The book has been organized in five chapters. The first chapter—discursive construct—includes the identification of William Pinar from his own roots (as a student and as a teacher), and the schools of thought that influenced his work. The second chapter is concerned with Curriculum Studies as an academic field, answering the questions: What is Curriculum Theory? What does the reconceptualization movement mean? What is post- Reconceptualization? The following chapter is about Pinar’s curriculum theorizing, including a particular “mode de penser”, schooling, school and teacher education, as well as curriculum as comparative language and currere as method. The fourth chapter is about his life experiences, particularly the sense of South, and includes Pinar’s transdiscursivity, searching for the author-function features through the foundational Journal and the Internationalization of Curriculum Studies. The last chapter includes some contributions of the studies of William Pinar and Ivor Goodson concerning research in the field of curriculum by António Flávio Moreira, a well-known scholar in Brazil and Portugal.
Each volume in the 7-volume series The World of Science Education reviews research in a key region of the world. These regions include North America, South and Latin America, Asia, Australia and New Zealand, Europe and Israel, North Africa and the Middle East, and Sub-Saharan Africa.
The focus of this Handbook is on Australasia (a region loosely recognized as that which includes Australia and New Zealand plus nearby Pacific nations such as Papua New Guinea, Solomon Islands, Fiji, Tonga, Vanuatu, and the Samoan islands) science education and the scholarship that most closely supports this program. The reviews of the research situate what has been accomplished within a given field in Australasian rather than international context. The purpose therefore is to articulate and exhibit regional networks and trends that produced specific forms of science education. The thrust lies in identifying the roots of research programs and sketching trajectories—focusing the changing façade of problems and solutions within regional contexts. The approach allows readers review what has been done and accomplished, what is missing, and what might be done next.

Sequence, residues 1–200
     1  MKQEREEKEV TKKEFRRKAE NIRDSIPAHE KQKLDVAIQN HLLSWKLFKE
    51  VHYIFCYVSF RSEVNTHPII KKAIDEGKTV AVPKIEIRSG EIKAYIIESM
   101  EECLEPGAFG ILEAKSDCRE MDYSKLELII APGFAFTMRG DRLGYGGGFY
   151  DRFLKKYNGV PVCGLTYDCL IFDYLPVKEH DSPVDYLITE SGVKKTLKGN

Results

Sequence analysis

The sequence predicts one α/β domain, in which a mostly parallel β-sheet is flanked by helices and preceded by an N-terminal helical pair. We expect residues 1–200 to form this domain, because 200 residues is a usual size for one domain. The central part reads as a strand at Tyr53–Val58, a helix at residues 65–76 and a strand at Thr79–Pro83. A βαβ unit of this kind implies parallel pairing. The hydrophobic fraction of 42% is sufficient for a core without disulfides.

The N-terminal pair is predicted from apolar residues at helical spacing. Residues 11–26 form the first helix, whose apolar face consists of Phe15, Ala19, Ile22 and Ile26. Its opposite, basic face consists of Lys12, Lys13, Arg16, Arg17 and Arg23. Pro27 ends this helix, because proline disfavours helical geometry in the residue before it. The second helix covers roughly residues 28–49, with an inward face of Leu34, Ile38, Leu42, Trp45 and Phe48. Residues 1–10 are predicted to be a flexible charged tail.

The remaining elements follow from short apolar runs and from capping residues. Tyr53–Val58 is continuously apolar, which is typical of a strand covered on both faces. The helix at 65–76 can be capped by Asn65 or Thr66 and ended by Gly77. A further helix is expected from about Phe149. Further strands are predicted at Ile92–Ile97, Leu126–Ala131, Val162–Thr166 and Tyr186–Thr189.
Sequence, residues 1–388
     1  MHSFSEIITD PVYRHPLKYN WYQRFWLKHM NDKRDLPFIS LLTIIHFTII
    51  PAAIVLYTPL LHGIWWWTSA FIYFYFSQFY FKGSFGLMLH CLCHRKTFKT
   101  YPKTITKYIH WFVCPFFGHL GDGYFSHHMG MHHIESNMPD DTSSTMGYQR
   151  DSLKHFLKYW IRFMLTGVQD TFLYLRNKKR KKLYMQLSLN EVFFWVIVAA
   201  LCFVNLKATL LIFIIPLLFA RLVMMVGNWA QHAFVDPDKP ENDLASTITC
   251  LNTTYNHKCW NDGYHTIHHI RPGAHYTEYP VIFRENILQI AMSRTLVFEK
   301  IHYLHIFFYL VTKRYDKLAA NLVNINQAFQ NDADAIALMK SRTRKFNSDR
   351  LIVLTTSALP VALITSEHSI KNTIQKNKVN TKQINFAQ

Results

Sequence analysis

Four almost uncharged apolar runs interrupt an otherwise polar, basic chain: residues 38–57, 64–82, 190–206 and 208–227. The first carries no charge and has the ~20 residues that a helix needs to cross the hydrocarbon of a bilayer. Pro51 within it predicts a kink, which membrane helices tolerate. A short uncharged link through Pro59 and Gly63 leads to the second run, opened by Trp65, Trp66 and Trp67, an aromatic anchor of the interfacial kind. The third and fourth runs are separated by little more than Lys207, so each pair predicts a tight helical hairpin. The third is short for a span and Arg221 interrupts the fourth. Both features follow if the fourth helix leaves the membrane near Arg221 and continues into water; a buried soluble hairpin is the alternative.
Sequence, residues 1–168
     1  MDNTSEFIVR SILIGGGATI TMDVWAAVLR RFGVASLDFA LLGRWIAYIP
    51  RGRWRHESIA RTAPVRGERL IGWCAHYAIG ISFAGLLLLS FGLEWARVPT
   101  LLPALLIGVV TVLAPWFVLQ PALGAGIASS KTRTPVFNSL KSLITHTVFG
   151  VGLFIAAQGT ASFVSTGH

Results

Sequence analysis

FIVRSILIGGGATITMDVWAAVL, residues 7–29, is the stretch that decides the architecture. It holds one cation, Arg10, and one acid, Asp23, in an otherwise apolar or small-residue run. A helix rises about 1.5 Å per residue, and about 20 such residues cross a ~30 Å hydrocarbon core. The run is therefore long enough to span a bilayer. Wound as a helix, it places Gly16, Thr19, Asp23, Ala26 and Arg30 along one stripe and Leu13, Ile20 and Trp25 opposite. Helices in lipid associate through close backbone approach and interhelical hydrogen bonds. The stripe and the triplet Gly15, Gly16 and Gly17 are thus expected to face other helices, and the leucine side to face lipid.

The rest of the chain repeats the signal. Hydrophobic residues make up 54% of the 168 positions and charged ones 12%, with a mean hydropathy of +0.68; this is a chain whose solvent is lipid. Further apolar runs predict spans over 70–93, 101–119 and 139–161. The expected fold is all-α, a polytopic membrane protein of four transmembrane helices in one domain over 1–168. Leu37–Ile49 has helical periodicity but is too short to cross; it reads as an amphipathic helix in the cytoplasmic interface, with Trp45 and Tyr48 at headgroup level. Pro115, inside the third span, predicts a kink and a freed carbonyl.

Each volume in the 7-volume series The World of Science Education reviews research in a key region of the world. These regions include North America, South and Latin America, Asia, Australia and New Zealand, Europe and Israel, North Africa and the Middle East, and Sub-Saharan Africa.